For the past ten years I have taught a course called Values and Vocation at Chicago Semester, an urban experiential education program that welcomes college students to Chicago to complete a semester-long internship experience and take urban studies courses. The mostly seniors and a few juniors that take my course are introduced to the idea of having a calling and thinking about where that calling might take them as they move on from Chicago and graduate from college. For most of the students, being in Chicago is a new experience – many of the students are living in a setting quite different from their college campuses, grappling with how to integrate themselves into a new place, while interning in a learning setting very unlike a college classroom. As they lean into this new place and these new experiences, they are simultaneously trying to conceptualize how their encounters in Chicago might inform their first steps after college. Continue reading
There is a new post at Relevant.com that will be of interest to many in the NetVUE community, entitled “So you just graduated from college, now what?” Drew Moser, Associate Professor in Higher Education and Dean of Experiential Learning at Taylor University in Upland, Indiana, offers some helpful insights for new college graduates. “The way of vocation,” Moser argues, is the better alternative to the approach of “simply living it up” or the pressure to “figure it out right away.”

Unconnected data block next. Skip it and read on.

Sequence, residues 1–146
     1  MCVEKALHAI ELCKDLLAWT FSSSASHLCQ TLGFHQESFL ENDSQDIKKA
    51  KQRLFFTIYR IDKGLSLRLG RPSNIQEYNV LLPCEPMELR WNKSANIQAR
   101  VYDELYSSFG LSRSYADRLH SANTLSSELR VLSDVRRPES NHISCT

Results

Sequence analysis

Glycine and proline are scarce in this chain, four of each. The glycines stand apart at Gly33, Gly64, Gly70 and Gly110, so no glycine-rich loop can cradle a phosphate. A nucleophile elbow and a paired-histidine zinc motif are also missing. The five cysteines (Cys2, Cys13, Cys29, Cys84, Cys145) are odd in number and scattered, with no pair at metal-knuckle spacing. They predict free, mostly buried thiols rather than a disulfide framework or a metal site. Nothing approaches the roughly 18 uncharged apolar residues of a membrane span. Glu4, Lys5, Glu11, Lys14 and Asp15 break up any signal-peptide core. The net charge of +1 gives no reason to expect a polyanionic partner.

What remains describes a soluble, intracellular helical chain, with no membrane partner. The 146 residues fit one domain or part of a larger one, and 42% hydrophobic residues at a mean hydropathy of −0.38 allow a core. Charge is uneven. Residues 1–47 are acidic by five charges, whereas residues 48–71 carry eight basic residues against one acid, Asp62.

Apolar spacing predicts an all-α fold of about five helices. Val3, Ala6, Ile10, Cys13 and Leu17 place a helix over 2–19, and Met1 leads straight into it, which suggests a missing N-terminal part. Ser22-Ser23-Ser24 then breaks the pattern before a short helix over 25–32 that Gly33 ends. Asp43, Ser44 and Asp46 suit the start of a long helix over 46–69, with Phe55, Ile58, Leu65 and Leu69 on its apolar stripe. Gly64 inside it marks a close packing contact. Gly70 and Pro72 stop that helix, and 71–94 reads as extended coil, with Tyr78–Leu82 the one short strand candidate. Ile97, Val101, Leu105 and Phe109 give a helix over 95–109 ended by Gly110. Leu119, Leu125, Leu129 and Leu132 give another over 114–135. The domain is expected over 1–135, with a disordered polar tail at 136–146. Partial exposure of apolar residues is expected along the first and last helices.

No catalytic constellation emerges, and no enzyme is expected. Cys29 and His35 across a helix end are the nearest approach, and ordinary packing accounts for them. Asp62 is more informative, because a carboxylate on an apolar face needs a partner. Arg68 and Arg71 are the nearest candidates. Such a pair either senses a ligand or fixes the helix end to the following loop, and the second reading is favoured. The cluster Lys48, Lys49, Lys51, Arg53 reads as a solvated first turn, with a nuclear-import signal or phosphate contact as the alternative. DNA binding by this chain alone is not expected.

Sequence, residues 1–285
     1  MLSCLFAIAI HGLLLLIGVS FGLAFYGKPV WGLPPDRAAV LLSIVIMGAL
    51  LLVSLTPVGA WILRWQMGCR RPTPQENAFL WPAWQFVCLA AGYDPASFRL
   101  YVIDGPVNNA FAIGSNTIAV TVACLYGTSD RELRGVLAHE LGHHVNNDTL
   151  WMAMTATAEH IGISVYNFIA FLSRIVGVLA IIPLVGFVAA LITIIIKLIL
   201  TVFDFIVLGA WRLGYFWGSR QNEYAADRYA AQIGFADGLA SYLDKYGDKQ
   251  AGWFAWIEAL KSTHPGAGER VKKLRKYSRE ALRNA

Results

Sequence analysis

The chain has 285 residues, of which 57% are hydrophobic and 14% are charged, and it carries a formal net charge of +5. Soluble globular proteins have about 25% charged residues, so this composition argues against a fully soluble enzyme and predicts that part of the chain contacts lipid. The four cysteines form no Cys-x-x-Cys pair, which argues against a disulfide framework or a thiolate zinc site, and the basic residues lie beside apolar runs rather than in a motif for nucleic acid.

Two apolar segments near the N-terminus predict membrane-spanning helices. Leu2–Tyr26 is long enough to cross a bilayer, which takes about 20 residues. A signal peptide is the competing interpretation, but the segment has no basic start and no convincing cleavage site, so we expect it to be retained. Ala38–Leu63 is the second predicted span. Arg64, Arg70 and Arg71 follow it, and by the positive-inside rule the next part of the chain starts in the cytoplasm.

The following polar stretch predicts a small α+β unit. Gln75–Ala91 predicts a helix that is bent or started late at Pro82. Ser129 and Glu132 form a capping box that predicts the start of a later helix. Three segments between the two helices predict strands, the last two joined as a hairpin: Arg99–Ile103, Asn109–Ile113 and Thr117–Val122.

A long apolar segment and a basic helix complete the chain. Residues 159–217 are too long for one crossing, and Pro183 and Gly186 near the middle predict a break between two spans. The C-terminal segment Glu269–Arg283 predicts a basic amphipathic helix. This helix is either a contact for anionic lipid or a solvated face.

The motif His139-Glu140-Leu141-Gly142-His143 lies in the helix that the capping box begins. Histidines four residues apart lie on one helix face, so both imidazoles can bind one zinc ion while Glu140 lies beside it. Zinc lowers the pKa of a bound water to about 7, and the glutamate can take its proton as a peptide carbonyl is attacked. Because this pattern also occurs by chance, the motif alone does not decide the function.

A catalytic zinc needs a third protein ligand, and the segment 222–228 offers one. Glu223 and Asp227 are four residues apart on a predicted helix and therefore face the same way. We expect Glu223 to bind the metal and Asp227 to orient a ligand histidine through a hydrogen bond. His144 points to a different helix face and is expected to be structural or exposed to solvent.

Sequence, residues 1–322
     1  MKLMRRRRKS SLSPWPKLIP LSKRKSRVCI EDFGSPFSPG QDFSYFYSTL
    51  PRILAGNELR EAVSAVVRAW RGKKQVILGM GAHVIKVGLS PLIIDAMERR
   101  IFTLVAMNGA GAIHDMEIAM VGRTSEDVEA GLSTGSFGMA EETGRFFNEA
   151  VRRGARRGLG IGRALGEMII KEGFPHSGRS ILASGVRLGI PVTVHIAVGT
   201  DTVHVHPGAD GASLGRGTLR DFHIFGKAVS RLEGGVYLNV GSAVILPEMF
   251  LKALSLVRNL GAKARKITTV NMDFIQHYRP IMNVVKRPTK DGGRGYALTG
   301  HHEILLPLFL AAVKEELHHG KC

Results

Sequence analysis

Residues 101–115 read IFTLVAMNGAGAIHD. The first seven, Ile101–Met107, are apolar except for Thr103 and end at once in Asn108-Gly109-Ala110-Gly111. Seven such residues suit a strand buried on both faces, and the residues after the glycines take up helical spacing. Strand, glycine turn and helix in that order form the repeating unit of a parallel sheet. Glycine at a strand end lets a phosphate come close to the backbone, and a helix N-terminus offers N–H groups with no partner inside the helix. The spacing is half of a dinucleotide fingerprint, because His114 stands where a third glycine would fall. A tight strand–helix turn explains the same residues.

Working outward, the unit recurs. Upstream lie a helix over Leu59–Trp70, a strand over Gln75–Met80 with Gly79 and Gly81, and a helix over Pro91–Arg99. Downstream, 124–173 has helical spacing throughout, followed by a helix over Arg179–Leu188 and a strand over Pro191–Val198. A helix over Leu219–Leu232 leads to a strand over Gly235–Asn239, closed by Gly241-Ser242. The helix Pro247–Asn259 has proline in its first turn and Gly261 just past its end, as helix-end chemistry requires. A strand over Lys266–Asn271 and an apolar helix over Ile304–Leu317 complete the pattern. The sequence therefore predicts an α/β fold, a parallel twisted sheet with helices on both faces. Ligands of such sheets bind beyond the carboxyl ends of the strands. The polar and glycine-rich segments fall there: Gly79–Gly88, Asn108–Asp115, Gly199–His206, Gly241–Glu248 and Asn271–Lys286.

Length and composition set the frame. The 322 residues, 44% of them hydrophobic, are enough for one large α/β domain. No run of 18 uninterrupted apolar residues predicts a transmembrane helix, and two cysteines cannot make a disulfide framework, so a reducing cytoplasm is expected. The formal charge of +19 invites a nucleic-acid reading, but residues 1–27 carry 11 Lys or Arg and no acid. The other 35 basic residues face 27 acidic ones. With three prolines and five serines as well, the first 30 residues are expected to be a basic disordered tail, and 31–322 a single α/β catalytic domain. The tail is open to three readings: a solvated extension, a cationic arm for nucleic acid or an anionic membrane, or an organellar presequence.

New college grads are indeed given such advice, sometimes conflicting in nature and much of it problematic. Moser’s concerns about “living it up” overlap with what Meg Jay argued in The Defining Decade, a book that has been used effectively in vocation classes. (If you are not familiar with her book, Jay also has a popular Ted talk, “Why 30 is not the new 20”).
Yet Jay’s analysis lacks any attention to spiritual or religious commitments, and so Moser’s new book, co-written with Jess Fankhauser and titled Ready or Not: Leaning Into Life in Our Twenties (2018), could potentially work even more effectively or as a text to augment others. A short review from Publisher’s Weekly concluded this about the book: “Though the tone is light throughout, Moser and Fankhauser provide many jumping-off points for deep contemplation about a wide range of fraught areas for those starting adulthood. Christian readers setting out into the wilds of adulthood will find this a helpful guide.”
If thinking deeply about vocation is the best antidote to the questionable advice given to new college graduates, and to helping alleviate some of their natural anxiety during this time of transition, all the more reason why they should be supported in those reflections through well-planned, substantive programs throughout their time on campus!
Colleges and universities have always been places that espouse lofty values while, increasingly, they attempt to prove their worth to parents and students as places to prepare for paid employment. This bifurcation manifests itself in the area of student services on most campuses. Go in one door for career services and still others for spiritual counseling and community service. And, of course, you not only enter a different door but also a different building to find what most faculty think of as the real work of a university – research and teaching. The dominance of the division into academic disciplines and administrative compartments is hard to shake.